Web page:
Adding a “but wait, there’s more” edge to the E 63 S’s drive experience is the fact that like all versions of the new E-Class, the active safety systems work together to enable Drive Pilot semi-autonomous driving, which represents Level 2 autonomy

This means you can drive down a motorway with only an occasional touch of the steering wheel as an input, and it will even change lanes if the indicators are activated. As amazing as they are, we recommend exercising great caution when using these features, however.

Safety

BMW 6 Series9/10

The BMW 6 Series GT range has a five-star Euro NCAP crash test score based on 2017 testing, but it hasn't been scored by ANCAP.

There's the usual array of airbags - dual front, front side, full-length curtain and driver's knee airbags are included, plus parking sensors all around, and heaps of safety tech including the 'Driving Assistant Plus' package with lane departure warning and lane keeping assist, forward collision warning, auto emergency braking (AEB) front and rear, blind-spot monitoring and rear cross-traffic alert, and adaptive cruise control with stop and go.

That's all great stuff, and so is the 360-degree camera system with adaptive display - so, if you're reversing and you turn the wheel to one side, the image on screen will move, too. It'll also go between a birds-eye view and a backing-up perspective, and that can take some getting used to.

What was less convincing in terms of the user experience was the rear auto braking, which seemed to be scared of the car's own shadow. On multiple occasions the car jammed on the brakes when reversing out of driveways on to empty streets - be it in the normal height, or the raised height setting.

The 6 Series GT has dual ISOFIX anchor points and three top-tether points are there and ready for baby seats or child seats.


Mercedes-Benz E639/10

Like all versions of the W213 E-Class, the E 63 S carries the maximum five-star ANCAP (tested 2016) and EuroNCAP safety ratings. A brilliantly integrated suite of active and passive safety features go well beyond its standard AEB, nine-airbag count, 360-degree parking cameras, rear cross-traffic alerts, and a pedestrian-protecting active bonnet.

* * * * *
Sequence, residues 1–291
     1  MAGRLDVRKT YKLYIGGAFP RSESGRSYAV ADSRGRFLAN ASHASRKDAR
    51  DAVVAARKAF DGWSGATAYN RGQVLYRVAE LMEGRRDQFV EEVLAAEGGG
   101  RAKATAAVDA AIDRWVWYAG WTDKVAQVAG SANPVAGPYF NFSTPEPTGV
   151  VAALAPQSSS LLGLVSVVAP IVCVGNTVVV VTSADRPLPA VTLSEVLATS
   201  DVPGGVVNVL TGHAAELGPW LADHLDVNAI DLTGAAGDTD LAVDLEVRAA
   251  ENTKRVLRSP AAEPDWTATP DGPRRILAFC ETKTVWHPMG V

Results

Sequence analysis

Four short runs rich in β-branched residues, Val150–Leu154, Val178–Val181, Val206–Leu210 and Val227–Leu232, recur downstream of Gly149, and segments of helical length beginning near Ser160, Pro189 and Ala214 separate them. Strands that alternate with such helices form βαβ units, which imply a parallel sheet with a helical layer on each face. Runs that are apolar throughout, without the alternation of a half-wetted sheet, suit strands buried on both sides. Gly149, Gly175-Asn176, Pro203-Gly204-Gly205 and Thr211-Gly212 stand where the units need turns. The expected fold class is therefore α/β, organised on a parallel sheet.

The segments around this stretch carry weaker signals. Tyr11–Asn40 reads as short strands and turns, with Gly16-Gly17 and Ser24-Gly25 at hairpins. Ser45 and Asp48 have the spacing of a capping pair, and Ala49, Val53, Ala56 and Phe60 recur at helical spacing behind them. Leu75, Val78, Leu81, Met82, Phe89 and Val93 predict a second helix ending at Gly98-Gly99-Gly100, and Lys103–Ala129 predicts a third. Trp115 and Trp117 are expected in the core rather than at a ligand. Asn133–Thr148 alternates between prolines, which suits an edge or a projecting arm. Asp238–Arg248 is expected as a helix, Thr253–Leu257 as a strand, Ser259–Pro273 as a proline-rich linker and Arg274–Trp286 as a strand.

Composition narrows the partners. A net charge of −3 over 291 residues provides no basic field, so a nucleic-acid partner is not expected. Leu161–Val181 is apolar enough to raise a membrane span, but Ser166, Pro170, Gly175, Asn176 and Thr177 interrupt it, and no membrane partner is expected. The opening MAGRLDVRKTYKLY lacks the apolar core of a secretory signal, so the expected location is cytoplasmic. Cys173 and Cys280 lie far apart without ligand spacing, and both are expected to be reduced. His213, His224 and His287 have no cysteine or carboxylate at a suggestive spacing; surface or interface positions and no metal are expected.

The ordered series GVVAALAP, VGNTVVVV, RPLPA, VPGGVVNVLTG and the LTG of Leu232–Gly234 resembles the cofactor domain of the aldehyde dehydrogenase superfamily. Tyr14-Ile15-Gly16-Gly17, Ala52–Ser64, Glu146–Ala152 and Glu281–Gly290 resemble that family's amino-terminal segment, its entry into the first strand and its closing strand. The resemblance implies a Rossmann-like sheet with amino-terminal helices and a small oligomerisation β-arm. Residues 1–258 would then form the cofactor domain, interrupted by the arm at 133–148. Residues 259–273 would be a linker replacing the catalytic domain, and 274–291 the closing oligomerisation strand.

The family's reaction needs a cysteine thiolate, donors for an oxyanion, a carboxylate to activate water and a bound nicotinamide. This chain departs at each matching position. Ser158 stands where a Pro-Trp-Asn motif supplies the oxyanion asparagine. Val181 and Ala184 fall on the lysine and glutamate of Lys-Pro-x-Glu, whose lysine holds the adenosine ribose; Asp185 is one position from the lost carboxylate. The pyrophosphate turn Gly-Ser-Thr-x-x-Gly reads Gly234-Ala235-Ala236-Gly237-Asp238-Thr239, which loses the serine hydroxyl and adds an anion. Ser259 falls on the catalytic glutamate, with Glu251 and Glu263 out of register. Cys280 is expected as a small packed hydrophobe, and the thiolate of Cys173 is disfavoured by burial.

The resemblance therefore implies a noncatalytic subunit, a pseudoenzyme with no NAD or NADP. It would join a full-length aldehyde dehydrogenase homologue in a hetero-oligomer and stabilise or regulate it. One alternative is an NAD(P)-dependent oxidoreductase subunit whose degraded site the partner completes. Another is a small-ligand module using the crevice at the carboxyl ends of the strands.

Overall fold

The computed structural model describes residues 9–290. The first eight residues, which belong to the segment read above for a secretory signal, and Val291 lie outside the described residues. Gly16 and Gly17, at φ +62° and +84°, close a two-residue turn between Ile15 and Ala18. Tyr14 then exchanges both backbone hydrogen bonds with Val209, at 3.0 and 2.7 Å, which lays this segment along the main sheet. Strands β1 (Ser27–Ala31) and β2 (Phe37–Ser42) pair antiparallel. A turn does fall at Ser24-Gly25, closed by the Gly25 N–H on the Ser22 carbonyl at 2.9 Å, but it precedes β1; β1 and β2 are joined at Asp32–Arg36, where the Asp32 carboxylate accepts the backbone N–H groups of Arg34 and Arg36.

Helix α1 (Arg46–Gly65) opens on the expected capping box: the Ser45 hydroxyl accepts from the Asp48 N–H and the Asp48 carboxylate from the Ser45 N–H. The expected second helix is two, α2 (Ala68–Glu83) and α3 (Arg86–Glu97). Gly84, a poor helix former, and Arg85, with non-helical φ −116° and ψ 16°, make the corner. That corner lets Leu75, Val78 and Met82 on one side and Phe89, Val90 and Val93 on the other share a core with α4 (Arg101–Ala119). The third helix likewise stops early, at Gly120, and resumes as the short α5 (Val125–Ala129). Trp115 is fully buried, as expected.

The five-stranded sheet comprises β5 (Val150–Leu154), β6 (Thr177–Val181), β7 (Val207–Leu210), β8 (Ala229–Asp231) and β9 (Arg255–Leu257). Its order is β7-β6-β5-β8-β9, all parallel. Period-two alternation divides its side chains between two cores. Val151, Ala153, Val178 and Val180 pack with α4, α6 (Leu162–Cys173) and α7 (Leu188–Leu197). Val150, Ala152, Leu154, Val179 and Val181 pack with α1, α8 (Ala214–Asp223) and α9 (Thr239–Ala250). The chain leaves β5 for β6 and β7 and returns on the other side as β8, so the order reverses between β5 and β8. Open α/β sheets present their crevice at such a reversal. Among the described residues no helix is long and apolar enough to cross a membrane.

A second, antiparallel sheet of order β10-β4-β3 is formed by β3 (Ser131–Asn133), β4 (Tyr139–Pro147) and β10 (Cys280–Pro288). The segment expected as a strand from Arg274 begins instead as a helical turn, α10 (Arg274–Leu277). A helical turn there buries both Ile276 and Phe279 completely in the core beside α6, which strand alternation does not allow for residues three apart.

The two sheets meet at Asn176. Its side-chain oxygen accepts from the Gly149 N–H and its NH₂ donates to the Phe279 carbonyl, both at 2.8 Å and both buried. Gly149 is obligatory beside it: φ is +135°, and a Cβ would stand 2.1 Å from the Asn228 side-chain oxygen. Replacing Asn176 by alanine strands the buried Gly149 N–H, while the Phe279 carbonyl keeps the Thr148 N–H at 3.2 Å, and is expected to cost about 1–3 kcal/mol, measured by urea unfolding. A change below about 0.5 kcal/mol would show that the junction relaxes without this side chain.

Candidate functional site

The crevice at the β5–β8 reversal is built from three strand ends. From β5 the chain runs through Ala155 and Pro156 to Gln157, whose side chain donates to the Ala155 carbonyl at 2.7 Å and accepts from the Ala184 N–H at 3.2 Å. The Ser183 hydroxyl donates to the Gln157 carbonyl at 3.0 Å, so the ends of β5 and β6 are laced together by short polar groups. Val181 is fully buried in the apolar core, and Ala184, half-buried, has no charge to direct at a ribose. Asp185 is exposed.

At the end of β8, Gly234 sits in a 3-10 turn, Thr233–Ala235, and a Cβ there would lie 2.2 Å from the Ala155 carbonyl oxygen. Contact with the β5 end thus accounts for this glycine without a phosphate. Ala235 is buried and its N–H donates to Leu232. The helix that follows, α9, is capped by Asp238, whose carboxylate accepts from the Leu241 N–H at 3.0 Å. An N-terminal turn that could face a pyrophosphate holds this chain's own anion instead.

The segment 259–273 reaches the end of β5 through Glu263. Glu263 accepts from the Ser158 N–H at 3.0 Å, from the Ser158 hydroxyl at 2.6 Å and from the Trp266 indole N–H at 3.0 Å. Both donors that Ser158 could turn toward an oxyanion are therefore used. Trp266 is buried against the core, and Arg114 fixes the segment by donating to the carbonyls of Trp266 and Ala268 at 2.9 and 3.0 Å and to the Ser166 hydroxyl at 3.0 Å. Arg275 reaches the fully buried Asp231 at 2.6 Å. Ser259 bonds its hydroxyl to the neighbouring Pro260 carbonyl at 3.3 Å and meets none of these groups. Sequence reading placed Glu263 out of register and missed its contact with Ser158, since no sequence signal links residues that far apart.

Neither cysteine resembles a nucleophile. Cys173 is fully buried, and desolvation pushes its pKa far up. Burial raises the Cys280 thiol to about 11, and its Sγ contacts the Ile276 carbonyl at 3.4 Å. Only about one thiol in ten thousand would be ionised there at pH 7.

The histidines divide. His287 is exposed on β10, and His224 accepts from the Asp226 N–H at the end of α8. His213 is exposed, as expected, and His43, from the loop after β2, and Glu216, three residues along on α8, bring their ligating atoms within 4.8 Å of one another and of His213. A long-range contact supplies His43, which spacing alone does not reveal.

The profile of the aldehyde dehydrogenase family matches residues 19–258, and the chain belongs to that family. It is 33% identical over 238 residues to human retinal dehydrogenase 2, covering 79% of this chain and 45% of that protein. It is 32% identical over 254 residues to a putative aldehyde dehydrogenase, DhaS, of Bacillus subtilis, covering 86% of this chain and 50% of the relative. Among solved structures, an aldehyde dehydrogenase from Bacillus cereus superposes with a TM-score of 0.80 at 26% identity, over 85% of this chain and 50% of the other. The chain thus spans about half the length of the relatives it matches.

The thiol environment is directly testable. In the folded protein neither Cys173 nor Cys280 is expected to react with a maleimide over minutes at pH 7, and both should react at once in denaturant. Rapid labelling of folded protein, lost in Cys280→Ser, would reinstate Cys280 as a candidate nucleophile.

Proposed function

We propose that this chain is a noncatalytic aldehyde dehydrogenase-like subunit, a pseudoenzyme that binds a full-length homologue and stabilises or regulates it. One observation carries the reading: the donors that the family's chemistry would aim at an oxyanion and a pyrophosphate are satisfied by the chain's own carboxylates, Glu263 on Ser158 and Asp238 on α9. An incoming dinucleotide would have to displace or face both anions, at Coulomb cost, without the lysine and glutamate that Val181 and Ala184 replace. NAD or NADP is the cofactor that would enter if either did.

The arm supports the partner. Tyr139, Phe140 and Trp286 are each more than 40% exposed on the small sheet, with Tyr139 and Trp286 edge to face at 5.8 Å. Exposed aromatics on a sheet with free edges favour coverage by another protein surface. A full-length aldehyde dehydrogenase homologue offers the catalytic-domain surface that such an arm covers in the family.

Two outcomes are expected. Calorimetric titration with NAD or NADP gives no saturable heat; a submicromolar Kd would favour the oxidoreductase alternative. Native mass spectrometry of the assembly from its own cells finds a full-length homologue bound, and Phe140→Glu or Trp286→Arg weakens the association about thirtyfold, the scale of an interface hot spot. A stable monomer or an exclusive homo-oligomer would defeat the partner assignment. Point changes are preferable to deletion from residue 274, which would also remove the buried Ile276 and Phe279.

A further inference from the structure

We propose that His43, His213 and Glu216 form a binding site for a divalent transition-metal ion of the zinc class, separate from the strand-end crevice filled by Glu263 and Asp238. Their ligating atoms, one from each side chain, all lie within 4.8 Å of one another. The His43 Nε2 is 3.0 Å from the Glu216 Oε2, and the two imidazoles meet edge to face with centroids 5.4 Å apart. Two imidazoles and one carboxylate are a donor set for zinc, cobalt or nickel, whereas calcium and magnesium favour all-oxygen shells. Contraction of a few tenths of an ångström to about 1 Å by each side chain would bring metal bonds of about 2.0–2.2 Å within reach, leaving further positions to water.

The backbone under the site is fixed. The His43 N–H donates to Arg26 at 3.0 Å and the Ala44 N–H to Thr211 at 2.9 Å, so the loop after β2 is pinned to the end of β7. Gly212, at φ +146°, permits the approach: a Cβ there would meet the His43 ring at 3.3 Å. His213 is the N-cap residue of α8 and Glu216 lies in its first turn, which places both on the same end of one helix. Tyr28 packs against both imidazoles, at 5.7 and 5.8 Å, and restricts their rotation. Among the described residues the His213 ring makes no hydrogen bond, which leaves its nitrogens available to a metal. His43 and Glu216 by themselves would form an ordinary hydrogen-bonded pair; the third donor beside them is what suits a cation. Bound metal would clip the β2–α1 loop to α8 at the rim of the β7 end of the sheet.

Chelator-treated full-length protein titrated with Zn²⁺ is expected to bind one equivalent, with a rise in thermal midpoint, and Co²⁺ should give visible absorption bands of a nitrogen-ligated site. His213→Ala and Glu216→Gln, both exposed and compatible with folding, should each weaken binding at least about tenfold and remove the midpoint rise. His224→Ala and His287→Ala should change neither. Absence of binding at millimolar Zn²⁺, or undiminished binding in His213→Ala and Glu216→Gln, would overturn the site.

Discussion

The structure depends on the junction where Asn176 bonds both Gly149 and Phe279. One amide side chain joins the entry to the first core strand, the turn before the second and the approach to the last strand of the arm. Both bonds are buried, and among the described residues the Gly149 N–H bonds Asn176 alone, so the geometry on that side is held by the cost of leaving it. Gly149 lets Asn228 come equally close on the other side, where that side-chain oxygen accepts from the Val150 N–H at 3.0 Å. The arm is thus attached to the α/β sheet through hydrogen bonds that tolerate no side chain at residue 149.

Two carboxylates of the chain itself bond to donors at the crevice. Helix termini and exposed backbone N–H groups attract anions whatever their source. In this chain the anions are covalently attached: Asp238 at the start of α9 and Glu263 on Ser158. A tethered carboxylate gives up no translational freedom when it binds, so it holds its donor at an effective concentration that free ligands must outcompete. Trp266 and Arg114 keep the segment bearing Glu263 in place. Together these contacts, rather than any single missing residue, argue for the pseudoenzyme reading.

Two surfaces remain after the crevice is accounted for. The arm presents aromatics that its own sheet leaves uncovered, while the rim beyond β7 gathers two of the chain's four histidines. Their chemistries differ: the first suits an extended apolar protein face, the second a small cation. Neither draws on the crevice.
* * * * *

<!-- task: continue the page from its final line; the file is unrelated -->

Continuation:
The only slight compromise is the deletion of the PRE-SAFE Impulse Side system which moves the occupant away from a collision if a potential side impact is detected. 

This is because of the E 63 S’s standard “Performance” front seats, but the system is restored if the less sculpted “sport seats” are optioned through the Active Comfort package.

Ownership

BMW 6 Series8/10

BMW runs a condition-based servicing plan, which means the car will tell you when it needs servicing. But you can rest assured it won't (theoretically) cost you much, with the brand's 'Service Inclusive' pack. It covers you for basic maintenance as and when required for five years/80,000km. According to BMW, that includes "annual vehicle checks, oil changes, all filters, spark plugs and labour costs for the duration of the package".

BMW offers a three-year/unlimited kilometre warranty plan, and you get the same cover for roadside assistance.


Mercedes-Benz E637/10

As with all Mercedes passenger cars, the E 63 S is covered by a three-year, unlimited kilometre warranty. Service intervals are either 12 months or 20,000km and the first three services are capped at $736, $1472 and $1472 respectively. 

This compares with $668/$1356/$1356 for the E 43, and 456/912/912 for a base E200, and the latter two models have 25,000km intervals.